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Review #2547: Classic Doctor Who: “Day of the Daleks”

Posted on the 06 June 2011 by Entil2001 @criticalmyth

Written by Louis Marks
Directed by Paul Bernard

Despite the brilliant turn by Roger Delgado as the Master, the eighth season was something of a step backwards, in my opinion. The stories were less substantial overall, with far too many instances of scattershot twists and turns that made little sense in retrospect. I also found it difficult to warm up to Jo Grant, who is certainly pretty enough, but somewhat vapid as a character. Perhaps ironically, many consider the eighth season to be classic Jon Pertree material, which just goes to show that my contrary nature remains intact.

Review #2547: Classic Doctor Who: “Day of the Daleks”

Delving into the beginning of the midpoint of the Third Doctor era, I had heard the ominous warnings: it doesn’t get better. So I was a bit surprised to find that “Day of the Daleks” was actually not that bad. Much of this education into the early days of Who has revealed some of the inspiration for iconic films of my childhood, and this is no exception. It’s impossible to watch this and not think of “The Terminator”.

The reason is obvious: this short but sweet story is centered on a time paradox. About 200 years in the future, the rising Dalek Empire has used the chaotic aftermath of a post-WW3 period as a convenient time to invade Earth, this time to strip it of resources. The majority of the human population is forced into manual labor, while a select few live as servants to the Daleks’ will. Knowing that the Daleks have constructed a time machine, a handful of desperate freedom fighters steal it and travel back in time to kill the man apparently responsible for sparking WW3 in the first place.

Two things came to mind while watching this serial. First, that modern audiences have seen enough time travel paradox films that the idea is far more mundane than it would have been in the early 1970s. Second, this story aired during the heyday of the Cold War, when the idea of a peace conference going wrong and setting off WW3 was more than an intellectual exercise; it was a stark possibility. Both of these factors play to the story’s favor, because it explains why it would have been seen as a novel commentary on contemporary events.

Critics are quick to say that the Daleks, having been out of the picture for years at that point, were unnecessary to the story. In a sense, this is true. But I think that it raises the stakes, and much of the complaint is the poor manner in which they were used in the climax. It also shows a change in their tactics. The Daleks employ a species of thugs, the Ogrons, as minions to enforce their control. It provides a layer between them and those they enslave, which is historically a common tactic for population control.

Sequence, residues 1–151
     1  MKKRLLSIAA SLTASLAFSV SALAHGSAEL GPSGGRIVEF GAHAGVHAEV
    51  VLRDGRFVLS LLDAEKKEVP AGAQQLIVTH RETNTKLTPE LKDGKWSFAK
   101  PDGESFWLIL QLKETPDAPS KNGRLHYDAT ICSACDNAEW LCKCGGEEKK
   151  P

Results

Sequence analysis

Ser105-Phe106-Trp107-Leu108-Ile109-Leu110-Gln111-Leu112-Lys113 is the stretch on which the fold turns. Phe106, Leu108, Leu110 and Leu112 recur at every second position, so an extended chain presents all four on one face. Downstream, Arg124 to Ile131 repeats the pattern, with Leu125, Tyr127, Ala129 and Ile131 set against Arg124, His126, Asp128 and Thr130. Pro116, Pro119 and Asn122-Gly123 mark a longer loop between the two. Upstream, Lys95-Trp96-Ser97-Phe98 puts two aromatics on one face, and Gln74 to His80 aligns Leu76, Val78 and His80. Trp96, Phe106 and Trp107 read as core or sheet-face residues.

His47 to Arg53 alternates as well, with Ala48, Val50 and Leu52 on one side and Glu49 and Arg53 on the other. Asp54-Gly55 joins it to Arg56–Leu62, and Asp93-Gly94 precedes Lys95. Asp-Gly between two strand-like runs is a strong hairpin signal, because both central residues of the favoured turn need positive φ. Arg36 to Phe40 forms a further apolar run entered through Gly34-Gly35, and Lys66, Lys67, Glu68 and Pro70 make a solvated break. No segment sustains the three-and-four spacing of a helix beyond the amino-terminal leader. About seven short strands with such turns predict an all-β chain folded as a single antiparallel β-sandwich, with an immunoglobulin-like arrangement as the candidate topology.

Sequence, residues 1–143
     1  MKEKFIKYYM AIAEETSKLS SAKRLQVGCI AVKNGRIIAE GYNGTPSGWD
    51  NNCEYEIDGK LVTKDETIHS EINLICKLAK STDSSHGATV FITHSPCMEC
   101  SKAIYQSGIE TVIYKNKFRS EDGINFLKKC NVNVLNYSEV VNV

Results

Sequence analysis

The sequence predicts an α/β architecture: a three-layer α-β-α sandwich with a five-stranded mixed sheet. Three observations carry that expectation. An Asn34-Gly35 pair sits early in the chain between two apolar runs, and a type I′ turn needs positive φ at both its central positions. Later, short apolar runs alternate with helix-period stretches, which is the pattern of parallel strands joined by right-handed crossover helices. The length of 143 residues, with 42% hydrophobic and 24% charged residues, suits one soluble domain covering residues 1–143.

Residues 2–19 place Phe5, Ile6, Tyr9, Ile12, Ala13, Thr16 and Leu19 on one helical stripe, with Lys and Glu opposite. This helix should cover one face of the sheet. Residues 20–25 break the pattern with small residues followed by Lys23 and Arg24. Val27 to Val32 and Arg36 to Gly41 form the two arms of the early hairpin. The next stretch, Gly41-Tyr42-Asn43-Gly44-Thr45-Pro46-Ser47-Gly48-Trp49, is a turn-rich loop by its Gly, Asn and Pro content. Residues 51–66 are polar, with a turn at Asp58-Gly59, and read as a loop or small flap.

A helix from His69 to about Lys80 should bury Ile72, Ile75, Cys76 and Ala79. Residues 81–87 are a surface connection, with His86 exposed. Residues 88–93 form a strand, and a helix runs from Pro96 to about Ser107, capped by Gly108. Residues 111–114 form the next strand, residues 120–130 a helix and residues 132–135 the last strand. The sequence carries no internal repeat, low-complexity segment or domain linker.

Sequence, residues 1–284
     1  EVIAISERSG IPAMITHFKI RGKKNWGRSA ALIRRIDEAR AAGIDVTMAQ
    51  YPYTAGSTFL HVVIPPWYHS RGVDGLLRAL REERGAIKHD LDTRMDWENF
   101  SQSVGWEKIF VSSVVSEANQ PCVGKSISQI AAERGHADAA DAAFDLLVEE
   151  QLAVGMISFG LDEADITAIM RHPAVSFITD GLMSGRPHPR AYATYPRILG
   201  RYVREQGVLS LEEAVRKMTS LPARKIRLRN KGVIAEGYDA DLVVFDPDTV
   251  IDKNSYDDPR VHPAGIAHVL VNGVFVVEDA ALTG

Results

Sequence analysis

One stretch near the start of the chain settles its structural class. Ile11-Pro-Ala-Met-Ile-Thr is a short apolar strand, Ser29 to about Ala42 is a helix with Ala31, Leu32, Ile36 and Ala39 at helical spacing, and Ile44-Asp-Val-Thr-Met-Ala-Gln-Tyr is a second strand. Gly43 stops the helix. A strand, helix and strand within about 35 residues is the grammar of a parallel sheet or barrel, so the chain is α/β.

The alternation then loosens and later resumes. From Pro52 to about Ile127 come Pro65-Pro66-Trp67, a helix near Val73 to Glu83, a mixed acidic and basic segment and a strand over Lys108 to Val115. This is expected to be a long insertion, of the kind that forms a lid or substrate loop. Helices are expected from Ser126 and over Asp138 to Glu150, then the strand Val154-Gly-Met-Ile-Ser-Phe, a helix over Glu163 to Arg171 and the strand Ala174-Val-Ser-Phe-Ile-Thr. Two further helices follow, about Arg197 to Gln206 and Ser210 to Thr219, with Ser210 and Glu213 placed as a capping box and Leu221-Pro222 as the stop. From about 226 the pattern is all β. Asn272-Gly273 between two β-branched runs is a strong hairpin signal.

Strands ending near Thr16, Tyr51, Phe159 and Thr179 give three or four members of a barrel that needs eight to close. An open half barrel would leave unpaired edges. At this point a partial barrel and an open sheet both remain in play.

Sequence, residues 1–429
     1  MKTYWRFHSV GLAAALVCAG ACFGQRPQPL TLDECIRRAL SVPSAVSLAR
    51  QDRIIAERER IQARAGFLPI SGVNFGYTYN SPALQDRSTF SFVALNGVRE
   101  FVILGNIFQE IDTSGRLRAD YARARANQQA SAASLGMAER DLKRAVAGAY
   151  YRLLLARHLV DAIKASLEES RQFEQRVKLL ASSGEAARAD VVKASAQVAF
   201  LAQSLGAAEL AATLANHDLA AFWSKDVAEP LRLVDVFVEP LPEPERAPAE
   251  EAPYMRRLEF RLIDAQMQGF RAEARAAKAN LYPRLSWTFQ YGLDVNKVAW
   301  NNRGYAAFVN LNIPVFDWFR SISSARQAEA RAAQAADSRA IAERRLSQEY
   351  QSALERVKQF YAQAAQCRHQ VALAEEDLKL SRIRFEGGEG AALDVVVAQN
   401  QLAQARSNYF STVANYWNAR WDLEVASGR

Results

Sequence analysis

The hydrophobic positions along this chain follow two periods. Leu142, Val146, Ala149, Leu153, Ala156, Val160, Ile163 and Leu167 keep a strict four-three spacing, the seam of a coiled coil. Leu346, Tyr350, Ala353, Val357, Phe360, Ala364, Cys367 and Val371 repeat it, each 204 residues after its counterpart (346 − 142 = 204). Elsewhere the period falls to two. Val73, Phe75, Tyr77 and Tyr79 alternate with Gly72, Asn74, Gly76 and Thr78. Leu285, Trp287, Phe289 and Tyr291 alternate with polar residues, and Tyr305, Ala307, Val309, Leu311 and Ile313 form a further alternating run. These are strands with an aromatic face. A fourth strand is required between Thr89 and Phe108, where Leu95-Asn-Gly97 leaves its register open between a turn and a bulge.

Some of my favorite scenes come in the middle of this story, when the Controller manipulates Jo. Other stories highlight her naivety in a way that patronizes her, but in this situation, it is used more effectively. Jo has no reason to question what the Controller tells her, and it sets up a nice bit of conflict with the Doctor, whose attitude (while justified) seems out of place. What I got from those scenes is something quite unexpected: in a way, the Controller here is more effective as a manipulative villain than the Master was in half the serials in season eight.

All that said, there are some obvious flaws. At one point, the Doctor shoots one of the Ogrons with a raygun, despite having no way of knowing if it’s remotely justified. Needless to say, it’s jarring and out of character. Also, the chase and combat sequences are very poorly directed and staged. At one point, the actors playing the Ogrons are all but running in place to make sure they don’t catch up with the Doctor, who is driving the slowest ATV in history.

This is one of those occasions where I find that the merits of the story far outweigh any issues with production. In fact, if it wasn’t for the poor direction in the action sequences, this would have rated higher. It’s another Third Doctor serial that I think, with a bit of updating, would have left “Victory of the Daleks” in the dust as a solid entry in the NuWho era. All in all, a fine start to the ninth season!

Writing: 2/2
Acting: 2/2
Direction: 1/2
Style: 2/4

Final Rating: 7/10

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